Groups of students at Hillcrest Elementary and Free State High School in Lawrence are finalists in the Battle of the Brains, a contest to envision a new exhibit at Science City.
The competition, hosted by Burns & McDonnell, received more than 740 entries from the Kansas City area. The Lawrence students’ ideas were selected among the top 10 in elementary and secondary entries, respectively.
Making it to the finals earned each group a $2,500 grant to go toward STEM (Science, Technology, Engineering, Math) initiatives at their schools. They could win $50,000 and a chance to bring their exhibits to life at Science City at Union Station in Kansas City.
Representatives of the company visited Lawrence on “battle buses” Thursday to congratulate the students on making it so far in the competition.
The Lawrence school district provided more information about the students’ exhibit ideas:
Hillcrest fourth graders Anna Lawrence, Milo Henry, Nora Mosher, Margot Langford, Owen Williams and Corrina Yi, under the direction of gifted education teacher Sarabeth Morgan, planned an exhibit called “Celestial Stops!”
“In this exhibit, you’ll learn about all sorts of celestial bodies, including galaxies, stars, planets, black holes, and more. Explore the whole universe from Science City – no astronaut suit needed!” the students wrote.
“We thought a space maze would help kids learn about our galaxy. We also thought that having a station with mini planets that you can remove cross-section slices from would be cool so people can learn about what gas giants look like on the inside …” the pitch continues. “We want a more interactive exhibit that covers more of the celestial bodies in space in a kid-friendly way. Now hop in your rocket ship and zoom to Celestial Stops!”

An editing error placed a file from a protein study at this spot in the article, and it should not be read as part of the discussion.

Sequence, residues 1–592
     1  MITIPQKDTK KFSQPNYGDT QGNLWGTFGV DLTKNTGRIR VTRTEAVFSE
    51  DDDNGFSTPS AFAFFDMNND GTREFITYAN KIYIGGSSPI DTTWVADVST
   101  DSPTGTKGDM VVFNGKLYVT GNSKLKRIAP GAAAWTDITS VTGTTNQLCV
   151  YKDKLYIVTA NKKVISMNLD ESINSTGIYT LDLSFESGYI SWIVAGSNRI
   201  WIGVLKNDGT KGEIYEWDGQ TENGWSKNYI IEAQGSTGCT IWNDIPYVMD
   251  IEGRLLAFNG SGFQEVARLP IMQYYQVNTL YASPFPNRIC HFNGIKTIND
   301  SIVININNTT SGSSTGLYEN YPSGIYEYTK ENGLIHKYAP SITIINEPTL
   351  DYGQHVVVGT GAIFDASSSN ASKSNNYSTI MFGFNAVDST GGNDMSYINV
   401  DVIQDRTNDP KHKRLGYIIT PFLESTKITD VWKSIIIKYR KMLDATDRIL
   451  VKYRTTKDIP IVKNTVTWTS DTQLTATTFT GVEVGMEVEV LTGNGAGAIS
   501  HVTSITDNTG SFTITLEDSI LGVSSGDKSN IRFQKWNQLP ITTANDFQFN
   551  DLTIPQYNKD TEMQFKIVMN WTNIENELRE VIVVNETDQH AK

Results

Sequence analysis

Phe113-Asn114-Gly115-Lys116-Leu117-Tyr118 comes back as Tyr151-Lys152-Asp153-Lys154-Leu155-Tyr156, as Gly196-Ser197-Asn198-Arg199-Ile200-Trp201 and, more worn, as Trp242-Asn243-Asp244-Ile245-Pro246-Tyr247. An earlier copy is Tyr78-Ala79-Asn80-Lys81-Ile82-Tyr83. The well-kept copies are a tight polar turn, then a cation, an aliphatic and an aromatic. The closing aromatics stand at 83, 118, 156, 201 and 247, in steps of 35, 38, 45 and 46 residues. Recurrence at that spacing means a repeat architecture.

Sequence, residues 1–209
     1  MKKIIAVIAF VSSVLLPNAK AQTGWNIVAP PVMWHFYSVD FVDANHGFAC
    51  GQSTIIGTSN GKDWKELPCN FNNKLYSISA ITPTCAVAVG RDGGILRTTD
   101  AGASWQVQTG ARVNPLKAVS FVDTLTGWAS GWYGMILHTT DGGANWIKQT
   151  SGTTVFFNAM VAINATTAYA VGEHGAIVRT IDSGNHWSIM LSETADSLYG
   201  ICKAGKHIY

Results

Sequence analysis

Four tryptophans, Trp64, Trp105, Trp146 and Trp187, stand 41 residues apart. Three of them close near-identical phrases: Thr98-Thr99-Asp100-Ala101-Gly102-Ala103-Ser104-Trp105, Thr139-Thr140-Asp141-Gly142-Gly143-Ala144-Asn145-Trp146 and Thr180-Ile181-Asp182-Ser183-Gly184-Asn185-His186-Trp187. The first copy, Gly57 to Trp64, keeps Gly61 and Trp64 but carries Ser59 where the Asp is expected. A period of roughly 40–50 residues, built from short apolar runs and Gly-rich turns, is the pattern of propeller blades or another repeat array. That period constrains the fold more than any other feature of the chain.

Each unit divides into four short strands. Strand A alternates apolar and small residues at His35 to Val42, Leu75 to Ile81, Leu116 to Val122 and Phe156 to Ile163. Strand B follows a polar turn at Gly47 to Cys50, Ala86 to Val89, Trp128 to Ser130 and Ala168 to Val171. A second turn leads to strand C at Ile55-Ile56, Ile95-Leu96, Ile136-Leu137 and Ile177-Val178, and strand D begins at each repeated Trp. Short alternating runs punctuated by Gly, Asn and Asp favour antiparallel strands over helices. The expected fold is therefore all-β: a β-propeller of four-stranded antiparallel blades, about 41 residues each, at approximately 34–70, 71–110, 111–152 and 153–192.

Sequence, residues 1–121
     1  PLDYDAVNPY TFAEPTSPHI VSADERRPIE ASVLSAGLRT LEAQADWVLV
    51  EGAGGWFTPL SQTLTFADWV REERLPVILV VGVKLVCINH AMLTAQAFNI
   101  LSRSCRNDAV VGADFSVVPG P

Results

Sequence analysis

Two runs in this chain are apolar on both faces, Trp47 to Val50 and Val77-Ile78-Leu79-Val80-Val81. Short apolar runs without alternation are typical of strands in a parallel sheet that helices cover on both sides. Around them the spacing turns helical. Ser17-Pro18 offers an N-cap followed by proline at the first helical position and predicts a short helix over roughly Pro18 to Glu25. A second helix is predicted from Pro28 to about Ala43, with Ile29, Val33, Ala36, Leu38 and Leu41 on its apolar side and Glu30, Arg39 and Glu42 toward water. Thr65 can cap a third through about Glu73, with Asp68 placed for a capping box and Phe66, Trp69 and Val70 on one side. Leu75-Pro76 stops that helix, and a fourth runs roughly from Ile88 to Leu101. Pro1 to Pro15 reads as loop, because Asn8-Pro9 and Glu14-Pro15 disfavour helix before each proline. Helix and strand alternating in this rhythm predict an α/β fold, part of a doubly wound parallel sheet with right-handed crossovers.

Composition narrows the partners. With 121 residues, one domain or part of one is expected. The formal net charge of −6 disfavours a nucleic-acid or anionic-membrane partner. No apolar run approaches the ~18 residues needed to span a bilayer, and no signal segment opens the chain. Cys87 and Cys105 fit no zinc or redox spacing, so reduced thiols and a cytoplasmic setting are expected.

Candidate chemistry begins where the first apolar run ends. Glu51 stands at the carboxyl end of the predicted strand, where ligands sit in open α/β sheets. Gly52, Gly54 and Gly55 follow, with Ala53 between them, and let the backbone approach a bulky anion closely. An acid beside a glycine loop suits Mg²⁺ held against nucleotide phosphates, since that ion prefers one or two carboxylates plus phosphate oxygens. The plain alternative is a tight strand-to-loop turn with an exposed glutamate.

The Free State High School team includes Adele Buren, Niko Eidemiller, Harper Finck, Isla Gnojek, Chloe Hannings, Zach Hansen Terry, Ethan Hart, Emmett Henry, Brendan Hethcoat, Ben Jackson, Connor MacFarland, Hope Northrop, Gillian Sellet and Sejun Yun.
They worked under the guidance of gifted education teacher Jeff Morrison on their entry, “Nature’s Blueprint: A World of Animal Architects.”
“The exhibit would focus on the science and design of beastly builders; everything from the famed intricacies of termite mounds to the woody work of a beaver,” the students wrote.
“Visitors will be astounded at curling complexities of spider webs, and marvel at colorful coral polyps. Sustainability is integral to the way we live our lives, and by incorporating elements of biomimicry, architects and engineers have found the best way to save our Earth may be to take a few pages out of its book,” the pitch continues.
The winning group will be announced at a celebration and awards ceremony Jan. 23 at Union Station. See a full list of the top 20 schools at this link.
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